As Souza admitted as recently as last Tuesday, he had not read the ordinance when re-writing the rules and in fact, despite serving for many years himself on the HRC, was unaware of the ordinance at all.

This issue came up again on Tuesday, when Lamar Heystek pulled a routine item off the consent agenda that would have approved the minutes to a recent HRC. Councilmember Heystek then then put forward a motion that was seconded by Mayor Greenwald to assign city staff rather than the subcommittee to be in charge of reconciling the two documents. That was voted down by the council majority by a 3-2 when they passed a substitute motion allowing the subcommittee once again to do that work.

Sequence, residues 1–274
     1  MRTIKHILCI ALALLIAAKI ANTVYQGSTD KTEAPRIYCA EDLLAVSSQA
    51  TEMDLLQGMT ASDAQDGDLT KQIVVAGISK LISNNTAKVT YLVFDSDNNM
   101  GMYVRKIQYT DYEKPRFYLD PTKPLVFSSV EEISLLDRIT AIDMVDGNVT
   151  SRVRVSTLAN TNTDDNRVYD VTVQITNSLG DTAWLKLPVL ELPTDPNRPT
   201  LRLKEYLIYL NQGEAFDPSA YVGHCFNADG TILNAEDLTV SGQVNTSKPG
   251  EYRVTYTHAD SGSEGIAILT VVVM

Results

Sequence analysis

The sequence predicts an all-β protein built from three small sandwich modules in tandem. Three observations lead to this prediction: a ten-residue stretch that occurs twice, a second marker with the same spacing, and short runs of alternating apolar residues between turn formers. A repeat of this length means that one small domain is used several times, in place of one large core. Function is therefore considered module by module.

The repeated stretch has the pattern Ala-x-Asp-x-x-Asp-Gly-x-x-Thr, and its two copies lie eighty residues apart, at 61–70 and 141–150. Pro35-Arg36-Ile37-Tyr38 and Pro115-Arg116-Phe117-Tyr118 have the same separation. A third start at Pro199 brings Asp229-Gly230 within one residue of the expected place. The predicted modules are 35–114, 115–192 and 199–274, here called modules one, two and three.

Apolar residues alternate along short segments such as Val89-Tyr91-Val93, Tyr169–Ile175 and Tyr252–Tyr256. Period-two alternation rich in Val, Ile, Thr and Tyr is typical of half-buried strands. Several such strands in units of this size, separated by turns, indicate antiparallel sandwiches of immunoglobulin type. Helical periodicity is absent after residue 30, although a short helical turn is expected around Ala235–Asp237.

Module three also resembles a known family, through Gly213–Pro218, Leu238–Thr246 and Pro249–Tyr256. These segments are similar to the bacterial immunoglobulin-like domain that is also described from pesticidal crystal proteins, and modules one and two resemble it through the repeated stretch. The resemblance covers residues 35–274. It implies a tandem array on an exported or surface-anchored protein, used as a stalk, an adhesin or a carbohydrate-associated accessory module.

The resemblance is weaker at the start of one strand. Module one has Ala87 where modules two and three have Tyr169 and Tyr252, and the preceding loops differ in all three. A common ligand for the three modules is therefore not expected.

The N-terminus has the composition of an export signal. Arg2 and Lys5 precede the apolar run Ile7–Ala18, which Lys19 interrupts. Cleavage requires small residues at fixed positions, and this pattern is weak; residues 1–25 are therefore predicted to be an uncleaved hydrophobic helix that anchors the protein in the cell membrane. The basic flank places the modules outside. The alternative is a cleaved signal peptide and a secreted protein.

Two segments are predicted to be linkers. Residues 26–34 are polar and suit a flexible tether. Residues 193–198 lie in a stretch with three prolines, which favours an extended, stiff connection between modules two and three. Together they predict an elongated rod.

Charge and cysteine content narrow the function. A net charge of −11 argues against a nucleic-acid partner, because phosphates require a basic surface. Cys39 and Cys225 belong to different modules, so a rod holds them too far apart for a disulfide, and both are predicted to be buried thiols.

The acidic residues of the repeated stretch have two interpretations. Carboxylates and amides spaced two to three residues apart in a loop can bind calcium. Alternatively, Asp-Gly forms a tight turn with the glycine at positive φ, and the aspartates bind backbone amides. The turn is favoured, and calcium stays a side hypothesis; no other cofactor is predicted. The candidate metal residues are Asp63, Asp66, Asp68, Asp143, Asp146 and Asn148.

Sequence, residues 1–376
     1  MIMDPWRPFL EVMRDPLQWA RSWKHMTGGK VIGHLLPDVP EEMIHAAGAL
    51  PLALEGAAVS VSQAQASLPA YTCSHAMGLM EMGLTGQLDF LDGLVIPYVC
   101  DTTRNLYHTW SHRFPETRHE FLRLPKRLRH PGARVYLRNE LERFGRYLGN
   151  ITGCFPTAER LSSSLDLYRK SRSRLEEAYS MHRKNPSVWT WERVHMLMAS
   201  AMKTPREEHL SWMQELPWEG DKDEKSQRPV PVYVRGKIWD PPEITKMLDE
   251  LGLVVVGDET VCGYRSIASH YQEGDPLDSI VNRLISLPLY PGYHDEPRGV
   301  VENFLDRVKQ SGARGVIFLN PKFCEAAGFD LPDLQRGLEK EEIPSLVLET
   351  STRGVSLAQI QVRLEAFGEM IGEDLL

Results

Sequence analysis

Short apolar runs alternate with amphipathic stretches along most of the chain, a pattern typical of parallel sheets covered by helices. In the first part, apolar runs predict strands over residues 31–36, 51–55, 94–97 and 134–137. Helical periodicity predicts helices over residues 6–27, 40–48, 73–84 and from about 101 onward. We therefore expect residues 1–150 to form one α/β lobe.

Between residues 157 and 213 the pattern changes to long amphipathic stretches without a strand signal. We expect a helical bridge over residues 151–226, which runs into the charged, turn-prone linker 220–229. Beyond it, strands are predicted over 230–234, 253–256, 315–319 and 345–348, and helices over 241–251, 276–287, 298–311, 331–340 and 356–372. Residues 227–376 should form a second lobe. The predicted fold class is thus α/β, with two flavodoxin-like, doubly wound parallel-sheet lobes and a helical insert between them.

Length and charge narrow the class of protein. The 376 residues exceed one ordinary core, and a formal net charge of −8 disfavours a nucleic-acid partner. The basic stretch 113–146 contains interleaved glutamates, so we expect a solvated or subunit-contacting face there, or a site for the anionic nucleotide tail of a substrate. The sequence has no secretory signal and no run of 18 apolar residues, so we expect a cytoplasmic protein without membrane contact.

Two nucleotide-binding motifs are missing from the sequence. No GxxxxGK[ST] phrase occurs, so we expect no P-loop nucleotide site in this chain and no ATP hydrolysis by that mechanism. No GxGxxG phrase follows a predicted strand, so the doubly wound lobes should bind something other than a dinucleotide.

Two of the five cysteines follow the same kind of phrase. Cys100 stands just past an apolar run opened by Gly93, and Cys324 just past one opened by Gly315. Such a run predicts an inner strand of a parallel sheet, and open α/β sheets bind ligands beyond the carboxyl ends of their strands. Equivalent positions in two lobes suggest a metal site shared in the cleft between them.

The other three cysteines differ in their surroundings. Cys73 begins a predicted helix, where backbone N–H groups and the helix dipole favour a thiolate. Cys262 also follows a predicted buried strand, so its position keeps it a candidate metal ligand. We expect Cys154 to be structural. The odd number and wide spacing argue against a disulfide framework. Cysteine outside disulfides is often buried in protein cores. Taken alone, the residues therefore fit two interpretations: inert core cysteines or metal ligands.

Councilmember Heystek respectfully but firmly pointed out to the subcommittee that they lacked legal training and moreover they had originally missed the provision. Councilmember Souza’s defense was that they were not even aware of the provision, to which Heystek responded that proved his point.

The anti-discrimination ordinance was originally adopted into law by the City Council on Feberary 26, 1986 and approved by Nichols-Poulos, Rosenberg, Tomasi and Mayor Ann M. Evans and opposed by Jerry Adler. It was then affirmed with a vote by the people of Davis.

It is clear that the intent of the council majority here is to weaken the seminal anti-discrimination ordinance and remove from it the authority of the Human Relations Commission to investigate complaints.